The hair style made her face appear painfully pinched and labored.
The skin was thin and drawn and held creases of cracked face powder.
Tiny lines of frosted pink lipstick were beginning to bleed into the pleats
around the thin lips covering tobacco stains and silver caps. When
she smiled or laughed I was always reminded of the Cheshire cat in ĎAlice
She wore sluggish blue
eye make-up that made her already cold gray eyes appear washed out and
lifeless. Dark hollows beneath them added to the stony, callous
appearance. The eyes were not lifeless, however, they were keenly
sharp and focused, like a birdís eyes, beady and searching, as if in pursuit
of prey or naughty little children. When I did collect the nerve
to look into her eyes, I had to be careful not to instinctively suck my
I could tell we were finally
near the end of our odyssey when the car slowed and we began to make more
turns. I saw a huge, stylish water tower. It was blue and
sleek and lacked the guide wires and trellises I was accustomed to.
In fancy script the tower announced its location as Clear Lake City, and
I knew we were almost there.
As the car rounded its
final corner, we passed through two large brick entrance walls.
They curved gently inward to welcome motorists to the modern new subdivision.
I saw before me the widest, longest and whitest concrete avenue I had
ever seen. I looked around in childish, wondrous fascination.
All the lawns were neatly
manicured. The trees were all small and provided no shade at all,
so different from the towering oaks that formed a cool canopy over the
cracked asphalt streets of home. To the left was a large, empty
lot. There were no wildflowers or bushes as one might expect, only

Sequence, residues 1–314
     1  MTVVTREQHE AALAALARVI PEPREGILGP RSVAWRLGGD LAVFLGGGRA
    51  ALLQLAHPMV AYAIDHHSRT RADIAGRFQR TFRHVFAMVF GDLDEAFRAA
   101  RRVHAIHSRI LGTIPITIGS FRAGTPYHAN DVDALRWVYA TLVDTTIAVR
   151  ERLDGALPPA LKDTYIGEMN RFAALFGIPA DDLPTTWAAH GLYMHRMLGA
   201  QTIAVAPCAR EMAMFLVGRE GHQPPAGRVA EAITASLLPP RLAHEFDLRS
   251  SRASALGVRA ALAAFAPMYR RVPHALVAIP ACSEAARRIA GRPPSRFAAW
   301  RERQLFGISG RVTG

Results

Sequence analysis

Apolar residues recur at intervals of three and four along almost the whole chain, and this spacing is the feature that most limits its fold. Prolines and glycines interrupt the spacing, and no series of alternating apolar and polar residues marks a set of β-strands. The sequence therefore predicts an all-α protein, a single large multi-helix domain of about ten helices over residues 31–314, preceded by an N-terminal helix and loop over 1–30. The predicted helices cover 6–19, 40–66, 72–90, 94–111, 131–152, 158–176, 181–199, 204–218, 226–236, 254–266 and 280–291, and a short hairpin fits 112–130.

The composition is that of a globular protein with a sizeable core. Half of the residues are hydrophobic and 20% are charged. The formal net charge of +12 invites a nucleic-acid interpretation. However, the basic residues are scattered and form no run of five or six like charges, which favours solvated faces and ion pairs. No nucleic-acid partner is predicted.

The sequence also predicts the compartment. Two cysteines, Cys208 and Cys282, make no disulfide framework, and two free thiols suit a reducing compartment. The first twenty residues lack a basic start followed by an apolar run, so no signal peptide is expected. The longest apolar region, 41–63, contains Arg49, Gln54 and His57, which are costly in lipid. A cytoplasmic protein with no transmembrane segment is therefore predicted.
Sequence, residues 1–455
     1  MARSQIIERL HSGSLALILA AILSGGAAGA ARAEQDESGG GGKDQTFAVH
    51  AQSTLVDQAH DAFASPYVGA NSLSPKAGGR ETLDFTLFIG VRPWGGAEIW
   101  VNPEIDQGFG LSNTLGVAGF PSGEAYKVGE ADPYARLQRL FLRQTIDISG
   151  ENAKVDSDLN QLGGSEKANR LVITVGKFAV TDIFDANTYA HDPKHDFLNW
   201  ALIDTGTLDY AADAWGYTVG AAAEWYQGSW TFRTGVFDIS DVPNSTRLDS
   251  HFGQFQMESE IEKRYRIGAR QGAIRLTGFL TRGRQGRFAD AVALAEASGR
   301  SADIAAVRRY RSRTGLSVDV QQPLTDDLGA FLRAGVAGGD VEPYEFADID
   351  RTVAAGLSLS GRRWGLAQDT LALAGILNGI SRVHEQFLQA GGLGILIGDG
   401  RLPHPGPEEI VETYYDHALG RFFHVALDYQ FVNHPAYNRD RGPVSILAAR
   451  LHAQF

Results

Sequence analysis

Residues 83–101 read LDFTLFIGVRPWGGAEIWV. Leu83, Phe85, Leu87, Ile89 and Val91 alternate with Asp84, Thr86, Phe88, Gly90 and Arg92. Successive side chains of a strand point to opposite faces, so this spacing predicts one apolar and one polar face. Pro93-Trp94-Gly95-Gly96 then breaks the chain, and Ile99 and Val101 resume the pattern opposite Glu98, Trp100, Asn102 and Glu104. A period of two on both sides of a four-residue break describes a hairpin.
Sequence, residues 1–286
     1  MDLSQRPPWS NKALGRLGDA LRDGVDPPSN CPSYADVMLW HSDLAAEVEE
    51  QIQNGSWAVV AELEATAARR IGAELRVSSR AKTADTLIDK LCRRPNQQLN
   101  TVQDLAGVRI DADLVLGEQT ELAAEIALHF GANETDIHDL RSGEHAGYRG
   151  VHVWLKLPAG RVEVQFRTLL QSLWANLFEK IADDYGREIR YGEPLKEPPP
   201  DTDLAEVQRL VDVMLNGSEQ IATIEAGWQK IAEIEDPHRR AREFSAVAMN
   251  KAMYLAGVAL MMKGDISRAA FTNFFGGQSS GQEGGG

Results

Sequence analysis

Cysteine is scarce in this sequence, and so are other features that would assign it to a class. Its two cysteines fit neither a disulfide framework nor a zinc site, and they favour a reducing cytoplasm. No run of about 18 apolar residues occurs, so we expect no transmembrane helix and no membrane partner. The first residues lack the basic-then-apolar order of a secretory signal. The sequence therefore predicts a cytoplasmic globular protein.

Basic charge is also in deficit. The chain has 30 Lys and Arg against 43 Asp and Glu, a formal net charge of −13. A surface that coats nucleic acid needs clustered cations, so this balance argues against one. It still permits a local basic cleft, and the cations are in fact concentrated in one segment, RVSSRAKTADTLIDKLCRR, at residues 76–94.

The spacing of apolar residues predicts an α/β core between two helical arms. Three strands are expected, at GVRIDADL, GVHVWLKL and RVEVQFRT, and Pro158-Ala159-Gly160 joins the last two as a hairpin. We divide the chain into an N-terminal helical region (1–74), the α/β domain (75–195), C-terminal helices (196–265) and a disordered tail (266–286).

tall clumps of tired, wounded grass and stakes with bight orange paint
"Children," Jean said,
"Do you see that first home past the meadow? Well thatís my home.
Thatís were we live."
When she said this she
pointed one long, slightly crooked finger almost through the windshield
before she began to wiggle it up and down as if scolding a puppy.
I noticed how she stressed the my in Ďmy home.í Daddy glanced timidly
toward her, and I saw a strange veiled look in his eyes before he turned
"Itís lovely," I said.
I tried to sound excited
and dazzled, but Jeanís cutting, beady glance told me my ambivalence and
nervousness had indeed been detected.
There was something strange
about this house, this neighborhood. Every house on the block was
different. Some were two-storied, some had small diamond shaped
windows near the roofs. They were all large and very perfect.
It seemed peculiar that so few people were outside for such a beautiful
October afternoon. It seemed strange also that no one waved or smiled
as we drove by.
We turned into a long driveway
marked by smaller versions of the brick entrance walls of the subdivision.
Mitchell and Debbie sat squirming and whispering to each other in what
I recognized as their "private" language. Excitement and wonder
radiated from their small round faces.
Mitchell tugged gently